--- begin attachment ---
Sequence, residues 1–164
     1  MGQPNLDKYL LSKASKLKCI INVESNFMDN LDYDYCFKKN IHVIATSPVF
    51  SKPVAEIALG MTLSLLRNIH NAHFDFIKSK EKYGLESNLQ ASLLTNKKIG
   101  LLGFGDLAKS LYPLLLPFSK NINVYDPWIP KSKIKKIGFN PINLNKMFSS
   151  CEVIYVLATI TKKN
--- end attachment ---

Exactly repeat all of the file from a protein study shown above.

Sequence, residues 1–164
     1  MGQPNLDKYL LSKASKLKCI INVESNFMDN LDYDYCFKKN IHVIATSPVF
    51  SKPVAEIALG MTLSLLRNIH NAHFDFIKSK EKYGLESNLQ ASLLTNKKIG
   101  LLGFGDLAKS LYPLLLPFSK NINVYDPWIP KSKIKKIGFN PINLNKMFSS
   151  CEVIYVLATI TKKN